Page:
Real Intentions for Life

November 2016

Practical Considerations Raised after Watching Netflix’s “Extremis” – Part 3


Few patients anticipate the need for critical care. Some people call 911 too late. Such was the case for Selena in the Netflix documentary “Extremis.” She was having chest pain and struggling to breathe, but she told her daughter not to call EMS.  Selena stopped breathing on the way to the hospital. EMS responded and began CPR. A breathing tube was inserted. Selena suffered brain damage and was admitted to the ICU at Highland Hospital in Oakland, California.

Selena was in a vegetative state, lying in a bed and hooked up to machines. Her daughter and brothers were at her bedside – hoping and praying for her recovery. Dr. Zitter was the ICU physician in charge of her care. Selena did not have an advance directive. It was now up to the family members to decide Selena’s fate. An advance directive could have been Selena’s “get out of jail free” card.

3 Practical Considerations for advance directives include:

  1. Timing is everything

Practical considerations come down to – timing is everything. Selena needed more time to recover.  The family needed more time to come to terms with the situation. Dr. Zitter needed more time to conduct tests to determine brain death. Critical situations require personnel to act first and to ask questions later.  The implied directive “to do or die” is an emotional response. The advance directive affords a practical plan of action when the emotions settle.

A wish implies a desired outcome. A plan of action exists within a timeframe. The average patient spends three days in the ICU. Seriously-ill patients generally stay longer with worse outcomes. If you wish for a good death, you have to consider dying sooner than later. Will you complete your advance directive in a timely manner? Would your advance directive state how long a breathing tube stays in?

  1. Remove hope from terminal illness

Hope implies an expectation of improvement. False hope is misleading and leaves people in the dark and wondering. Dr. Zitter opened up the discussion of what was best for Selena with the family. What feelings and hope did her daughter and brother have? Dr Zitter listened intently while being careful not to express her opinion. The Hippocratic Oath states, “above all, I must not play at God” – pretend to be all knowing.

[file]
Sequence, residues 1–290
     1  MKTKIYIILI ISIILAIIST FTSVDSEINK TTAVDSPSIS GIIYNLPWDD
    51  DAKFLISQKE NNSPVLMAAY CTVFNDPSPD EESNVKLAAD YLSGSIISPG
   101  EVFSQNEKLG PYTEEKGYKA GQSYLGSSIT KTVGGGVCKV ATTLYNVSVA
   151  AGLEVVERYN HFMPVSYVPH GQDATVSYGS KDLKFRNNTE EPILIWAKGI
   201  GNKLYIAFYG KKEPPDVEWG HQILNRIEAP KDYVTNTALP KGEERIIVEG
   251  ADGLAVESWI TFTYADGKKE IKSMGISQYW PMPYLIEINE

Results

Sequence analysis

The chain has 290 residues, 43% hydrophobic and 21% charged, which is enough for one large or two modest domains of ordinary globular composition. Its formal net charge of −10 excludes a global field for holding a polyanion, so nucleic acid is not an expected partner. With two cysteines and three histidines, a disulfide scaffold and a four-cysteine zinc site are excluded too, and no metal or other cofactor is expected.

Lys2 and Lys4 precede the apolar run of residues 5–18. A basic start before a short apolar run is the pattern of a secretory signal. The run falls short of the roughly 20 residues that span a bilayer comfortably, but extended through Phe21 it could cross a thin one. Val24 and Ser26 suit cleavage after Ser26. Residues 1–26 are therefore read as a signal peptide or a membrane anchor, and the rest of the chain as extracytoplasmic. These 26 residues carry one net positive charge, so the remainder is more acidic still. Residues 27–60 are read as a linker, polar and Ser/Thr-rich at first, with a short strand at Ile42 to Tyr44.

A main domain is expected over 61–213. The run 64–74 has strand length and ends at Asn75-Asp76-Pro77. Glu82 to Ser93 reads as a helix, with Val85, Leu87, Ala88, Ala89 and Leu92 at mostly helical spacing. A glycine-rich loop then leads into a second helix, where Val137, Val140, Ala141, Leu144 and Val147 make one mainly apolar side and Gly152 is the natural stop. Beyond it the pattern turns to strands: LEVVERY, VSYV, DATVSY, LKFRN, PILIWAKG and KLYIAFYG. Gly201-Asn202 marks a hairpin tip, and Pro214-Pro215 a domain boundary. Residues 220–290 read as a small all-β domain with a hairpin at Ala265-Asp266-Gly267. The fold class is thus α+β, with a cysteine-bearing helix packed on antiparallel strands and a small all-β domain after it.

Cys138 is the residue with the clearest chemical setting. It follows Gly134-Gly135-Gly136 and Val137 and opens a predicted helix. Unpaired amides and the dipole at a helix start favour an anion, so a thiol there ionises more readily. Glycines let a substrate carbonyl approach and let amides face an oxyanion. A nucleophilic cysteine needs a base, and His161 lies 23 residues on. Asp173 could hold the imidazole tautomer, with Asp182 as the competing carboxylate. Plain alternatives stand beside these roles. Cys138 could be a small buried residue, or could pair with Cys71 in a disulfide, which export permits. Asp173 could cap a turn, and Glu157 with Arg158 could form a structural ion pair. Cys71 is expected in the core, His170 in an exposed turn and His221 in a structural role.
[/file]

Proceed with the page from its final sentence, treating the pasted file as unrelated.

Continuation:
Dr. Zitter may not be all knowing, but was she holding out hope for the family? She had left the situation open-ended while Selena was in extremis. The brothers were leaving Selena’s fate up to God. If Dr. Zitter were being objective, she would not give the family any hope.  “Hope springs extremis.” Your advance directive has to trump your family’s belief that hope springs eternal.

  1. Allow evidence to stop extremis

Physicians lose credibility when they rely on family members to tell them what to do. If the physician does not know how to manage extremis, will the medical power of attorney know better?  Physicians have to remain grounded in evidence-based medicine. This is the medical condition, and this is the prognosis. A physician’s internal advance directive has to lead end-of-life conversations.

Most physicians tend to be wishy-washy about the certainty of death in any given patient.  It was evident that Selena was going to die, yet it took six months for her to die.  By collapsing her head in her hands, Dr. Zitter displayed torment. It’s troubling when healthcare providers fail to heal patients. And doubly embarrassing when patients receive indignation. All physicians need a practical plan for allowing patients to die with dignity.

Patients also need to be practical. They need to plan for extremis by completing an advance directive sooner than later.


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Caregivers often suffer in silence while looking after loved ones and grieve in the aftermath of their death.

These twice a month email tips help caregivers understand that pain and suffering are inevitable – grieving is optional through better advance care planning.

Let’s start developing a community that creates and grows understanding, knowledge and support for compassionate end-of-life care.

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Mindful Considerations Raised by Netflix’s “Extremis” – Part 2



The gut reaction to Netflix’s new documentary “Extremis” is the ICU is a hellhole.  No one wants to end up there.  Patients enter this purgatory after becoming sick and requiring a higher level of care.  Patients enter the ICU from the ER, the hospital ward, or after surgery.